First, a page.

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    Microextraction Techniques as a Sample Preparation Step for Metal Analysis

    Pourya Biparva1 and Amir Abbas Matin2 1Department of Nanotechnology, Islamic Azad University, Langaroud Branch, Langaroud,

    2Research Department of Analytical Chemistry, Iranian Academic Center for Education, Culture & Research (ACECR), Urmia


    1. Introduction

    Analytical methods consist of several steps including; sampling, sample preparation,

    analysis, calculations and statistical evaluation of the results. Each step has a direct impact

    on accuracy, precision and sensitivity of the method. Among theses steps, sample

    preparation is the most time consuming step. Result of studies showed that more than 60%

    of analysis time is spent for sample preparation. Sample preparation follows two main aims;

    sample clean-up and concentration. Sample Clean-up is carried out for isolating the target

    analytes from matrix components which interfere on determination and concentration is

    done for enrichment of the analytes in sample because despite advances in analytical

    instrumentation, sensitivities are limited.

    Characteristics of an ideal sample preparation technique are listed as below: - Minimum loss of the sample and maximum recovery of the analyte - Elimination of accompanying compounds with high yield - Simple, fast and cheap method - Capable with analytical instruments - In agreement with green chemistry In the case of atomic absorption spectrometry (AAS) which is the subject of this book, there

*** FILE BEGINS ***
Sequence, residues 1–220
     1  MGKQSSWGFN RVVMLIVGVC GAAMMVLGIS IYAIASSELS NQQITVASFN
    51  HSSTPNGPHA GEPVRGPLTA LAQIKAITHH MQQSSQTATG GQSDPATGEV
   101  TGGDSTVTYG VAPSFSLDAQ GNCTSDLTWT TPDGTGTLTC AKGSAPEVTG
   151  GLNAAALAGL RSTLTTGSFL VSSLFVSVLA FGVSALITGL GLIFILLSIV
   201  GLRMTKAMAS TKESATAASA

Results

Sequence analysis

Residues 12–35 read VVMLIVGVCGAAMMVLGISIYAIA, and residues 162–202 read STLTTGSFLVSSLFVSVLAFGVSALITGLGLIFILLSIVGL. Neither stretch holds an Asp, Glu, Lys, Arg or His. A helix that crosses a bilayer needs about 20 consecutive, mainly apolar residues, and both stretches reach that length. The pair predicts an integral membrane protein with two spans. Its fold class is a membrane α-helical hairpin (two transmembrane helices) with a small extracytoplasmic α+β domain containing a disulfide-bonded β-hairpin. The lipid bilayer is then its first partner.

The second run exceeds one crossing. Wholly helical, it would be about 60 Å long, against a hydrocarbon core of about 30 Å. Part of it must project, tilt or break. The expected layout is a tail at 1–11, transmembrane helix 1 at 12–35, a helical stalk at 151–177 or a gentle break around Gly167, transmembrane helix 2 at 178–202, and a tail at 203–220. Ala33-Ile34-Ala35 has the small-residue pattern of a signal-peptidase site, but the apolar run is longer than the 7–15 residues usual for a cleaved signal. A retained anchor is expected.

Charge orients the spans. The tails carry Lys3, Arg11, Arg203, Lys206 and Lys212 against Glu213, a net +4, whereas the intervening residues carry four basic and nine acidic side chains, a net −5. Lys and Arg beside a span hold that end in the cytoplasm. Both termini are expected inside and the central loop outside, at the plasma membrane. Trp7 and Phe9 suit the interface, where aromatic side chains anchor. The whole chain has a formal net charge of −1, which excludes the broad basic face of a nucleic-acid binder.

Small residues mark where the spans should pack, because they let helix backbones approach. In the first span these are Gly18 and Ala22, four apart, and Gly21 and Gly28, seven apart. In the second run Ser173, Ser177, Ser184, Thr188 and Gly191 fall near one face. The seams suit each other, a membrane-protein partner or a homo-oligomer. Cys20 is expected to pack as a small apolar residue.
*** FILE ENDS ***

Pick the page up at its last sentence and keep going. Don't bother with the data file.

are two priciple systems which are familiar with readers of this book, flame and

    electrothermal AAS. In continue of our discussions about microextraction techniques for

    metal analysis by AAS, we will emphasis on reduced volumes of extracting phases in the

    microlitre scale. It is clear that due to consumption of large volumes (in the mililitre scale) of

    the sample in flame AAS, coupling of microextraction techniques with flame AAS is

    difficult. But in the case of electrothermal AAS, this is so easy. Because volume of the

    samples introduced to graphite furnaces are very low and in microlitre scale. So a review on

    literature show that most of the microextraction methods are capable with electrothermal

    AAS not with flame AAS.

    1.1 Liquid-Liquid Extraction (LLE)

    Liquid-Liquid Extraction (LLE) is a versatile classical sample preparation technique. LLE is based on establishment of distribution equilibrium of the analytes between two immiscible


  • Atomic Absorption Spectroscopy


    phases, an aqueous and an organic phase. Apparatus for LLE is a separating funnel. If distribution equilibrium constant is enough large, a quantitative extraction of the analytes can be occurred in one step. But most of the LLEs are multistep. LLE commonly is used for extraction of organic and inorganic compounds. In the case of

    metal analysis, extraction of them as ammonium pyrrolidin dithiocarbamat (APDC)

    complexes using methyl isobuthyl ketone (MIBK) as extraction solvent is known as